Monthly Archives: September 2010

Vegan Inside Out Tempeh Asian Dumplings and Sugar Snap Pea Salad

One good thing about waiting in a doctor’s waiting room is the time to catch up on some of my magazines. This week that made for two delicious meals — this one and a trio of Indian dishes (that’s next up).

First up, the snap pea side dish. I snagged this out of a magazine at the office, and only had time to quickly jot down the ingredients as they called my name. SO, I have no idea if there is some order or technique I’m supposed to follow or how many it’s supposed to serve or anything. I just tossed everything in a container and stirred it up, then put on the lid and shook it up (and of course I can’t leave well enough alone, so I had to doctor it up a bit…)

• Sugar Snap Peas (not to be confused with flat snow peas) — I just grabbed some out of the bulk section at my local market. I’m not sure how many the recipe calls for!
• 1 Tbsp. lime juice (I ended up using the juice of one lime, about 2 Tbsp.)
• 1 tsp. fresh ginger, minced/grated through a microplane
• 2 Tbsp. olive oil (I did half olive oil, half sesame oil)
• red onion (I thinly sliced about 1/2 a small red onion)
• salt and pepper to taste
• sesame seeds
(Though it didn’t call for it, I think I included a splash or two of rice vinegar too)

This side dish/salad ended was really good! Very light and flavorful. It seems like the type of thing that would help it feel like summer, even on Christmas.

Next up, the “inside out” dumplings — much easier than meticulously stuffing wontons! I got this recipe out of my Whole Living magazine, in a feature of 6 “DIY Takeout” recipes (where one of my Indian dishes came from too). It’s supposed to be pork, but I swapped that out for crumbled tempeh and — voila! — a delicious asian vegan dish.

Of course, I doctored this up a bit too. It turned out really well! (I believe my not-hungry squeeze, while getting a third small helping, said something like, “I could eat this everyday and I would kill the leftovers at lunch. You should just make a giant pot of this next time.” I’m not sure you get a better endorsement than that.

• 3-4 Tbsp. oil — the recipe calls for olive oil, I did a mixture of olive, sesame and ginger oils (you may need more, since there’s no fat from the meat!)
• 1/4 tsp. red pepper flakes (I actually forgot they were in there…I’ll probably do more next time)
• 3 cloves of garlic, minced
• 1 Tbsp. ginger, minced
• 2 scallions, whites and greens separated (I used 5-6, keeping some pieces big and slicing the rest), thinly cut on the bias
• 1 pkg. of tempeh (I went with flax tempeh tonight)
• 1 lb. baby bok choy, leaves separated and rinsed, with large stems sliced in half length-wise
• 1 carrot, grated
• 2 Tbsp. white wine vinegar (maybe I could have gone with rice wine vinegar here? Maybe next time…)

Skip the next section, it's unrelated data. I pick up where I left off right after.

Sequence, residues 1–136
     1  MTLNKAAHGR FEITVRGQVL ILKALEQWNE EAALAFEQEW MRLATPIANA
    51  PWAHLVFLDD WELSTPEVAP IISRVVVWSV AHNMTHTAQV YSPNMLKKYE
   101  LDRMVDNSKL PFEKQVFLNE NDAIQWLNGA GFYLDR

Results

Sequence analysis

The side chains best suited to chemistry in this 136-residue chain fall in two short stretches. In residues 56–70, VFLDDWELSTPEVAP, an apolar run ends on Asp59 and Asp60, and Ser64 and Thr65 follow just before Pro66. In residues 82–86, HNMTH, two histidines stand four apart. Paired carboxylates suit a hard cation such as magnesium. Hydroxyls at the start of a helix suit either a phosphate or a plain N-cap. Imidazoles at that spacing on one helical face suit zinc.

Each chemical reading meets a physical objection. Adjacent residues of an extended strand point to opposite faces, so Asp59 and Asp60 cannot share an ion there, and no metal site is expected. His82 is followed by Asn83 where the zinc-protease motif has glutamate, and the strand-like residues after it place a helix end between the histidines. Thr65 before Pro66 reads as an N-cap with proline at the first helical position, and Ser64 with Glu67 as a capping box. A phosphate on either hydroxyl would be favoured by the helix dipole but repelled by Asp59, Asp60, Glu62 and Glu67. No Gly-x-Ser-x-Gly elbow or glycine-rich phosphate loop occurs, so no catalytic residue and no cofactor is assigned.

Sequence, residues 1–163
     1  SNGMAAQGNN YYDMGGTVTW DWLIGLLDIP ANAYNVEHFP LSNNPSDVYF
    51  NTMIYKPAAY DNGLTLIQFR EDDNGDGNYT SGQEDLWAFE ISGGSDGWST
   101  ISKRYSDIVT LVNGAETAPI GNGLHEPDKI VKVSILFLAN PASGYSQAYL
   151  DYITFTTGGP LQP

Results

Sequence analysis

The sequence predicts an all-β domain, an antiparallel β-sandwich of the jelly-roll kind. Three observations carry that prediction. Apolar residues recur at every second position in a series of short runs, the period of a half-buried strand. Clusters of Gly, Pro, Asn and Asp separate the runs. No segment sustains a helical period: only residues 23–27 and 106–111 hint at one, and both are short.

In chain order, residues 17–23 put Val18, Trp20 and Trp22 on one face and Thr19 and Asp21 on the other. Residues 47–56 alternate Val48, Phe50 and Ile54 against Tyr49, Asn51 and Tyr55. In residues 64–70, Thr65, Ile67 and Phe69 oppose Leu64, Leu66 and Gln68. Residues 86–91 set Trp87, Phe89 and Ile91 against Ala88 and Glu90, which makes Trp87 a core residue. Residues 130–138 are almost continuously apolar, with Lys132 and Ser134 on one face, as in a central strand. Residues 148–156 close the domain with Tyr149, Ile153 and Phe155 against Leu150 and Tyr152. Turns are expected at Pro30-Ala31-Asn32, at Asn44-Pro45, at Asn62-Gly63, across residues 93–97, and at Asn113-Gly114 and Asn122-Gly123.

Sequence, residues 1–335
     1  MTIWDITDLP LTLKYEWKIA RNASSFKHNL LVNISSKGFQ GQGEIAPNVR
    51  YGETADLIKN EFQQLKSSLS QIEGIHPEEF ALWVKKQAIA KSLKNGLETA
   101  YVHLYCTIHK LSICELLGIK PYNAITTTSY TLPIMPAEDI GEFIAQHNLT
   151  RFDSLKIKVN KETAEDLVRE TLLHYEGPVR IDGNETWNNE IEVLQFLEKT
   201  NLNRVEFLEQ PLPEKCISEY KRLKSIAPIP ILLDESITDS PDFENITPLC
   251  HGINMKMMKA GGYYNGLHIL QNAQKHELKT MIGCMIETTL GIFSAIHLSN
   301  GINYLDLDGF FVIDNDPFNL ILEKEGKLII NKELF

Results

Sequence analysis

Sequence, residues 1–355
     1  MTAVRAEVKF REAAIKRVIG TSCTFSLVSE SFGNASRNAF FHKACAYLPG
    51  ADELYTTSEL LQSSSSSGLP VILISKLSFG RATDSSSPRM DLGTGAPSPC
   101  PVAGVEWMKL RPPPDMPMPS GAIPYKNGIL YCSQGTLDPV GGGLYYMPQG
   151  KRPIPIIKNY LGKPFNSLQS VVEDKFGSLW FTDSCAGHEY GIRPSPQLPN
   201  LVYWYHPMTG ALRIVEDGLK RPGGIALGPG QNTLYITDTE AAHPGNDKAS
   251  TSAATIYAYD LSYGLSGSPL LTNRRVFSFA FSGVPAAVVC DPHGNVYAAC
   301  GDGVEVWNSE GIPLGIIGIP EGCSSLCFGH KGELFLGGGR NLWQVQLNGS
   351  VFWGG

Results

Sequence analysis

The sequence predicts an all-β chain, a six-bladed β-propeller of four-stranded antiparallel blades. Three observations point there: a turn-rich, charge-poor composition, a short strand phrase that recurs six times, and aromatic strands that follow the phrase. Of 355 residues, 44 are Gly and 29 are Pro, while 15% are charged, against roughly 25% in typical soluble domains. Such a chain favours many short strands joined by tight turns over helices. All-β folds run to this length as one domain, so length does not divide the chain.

• kosher salt to taste
• 6 oz. fresh wonton wrappers

1. Heat oil and pepper flakes over medium heat. Add garlic, ginger and scallion whites. Cook, stirring until scallions are tender, about one minute. (*Note: now’s a good time to get a small pot of water boiling — you’ll cook your wontons in it at the end!)

2. Add tempeh, crumbling with hands as you add it. Cook for 3 minutes.

3. Add bok choy, cover and steam until tender, about 5 minutes. (Add more oil here so it doesn’t burn, if you need to)

4. Remove from heat and add grated carrot. Add vinegar and salt. Set aside.

5. When water is boiling, add wontons one at a time to the water and cook until al dente, about 1 minute. Drain and add to pot.

Serve with scallion greens on top.  It also seems like this dish would be good with crushed peanuts too, but I’ll have to try that next time! I can’t wait for lunch tomorrow! Yum.

Spotlight on…Nutritional Yeast

A few months ago, a friend asked me to do a post on nutritional yeast and I’m finally getting around to it! I finally bought some a few weeks ago and cracked it open recently and sprinkled quite a bit of it on yet another version of the soup I keep making. That’s when another friend said, “Doesn’t that give you yeast infections?”

I decided it was time to get to work. I liked that I was getting the whole B complex of vitamins and then some, as well as some protein (2 g. per Tablespoon) and fiber (1 g per Tablespoon).  And it thickened up my soup nicely.

But the yeast infection thing — total deal breaker if it’s true. The good news? It’s not! At least as far as I can tell from the various sites I visited.

Here are a few things I learned:
• Yeasts are a fungi — like mushrooms. It’s cultivated for its nutritional content and some consider it the same as fruits and vegetables.

Though there are many different companies who make nutritional yeast, I have Bragg brand, pictured above. Here’s what its Web site says about how they cultivate it: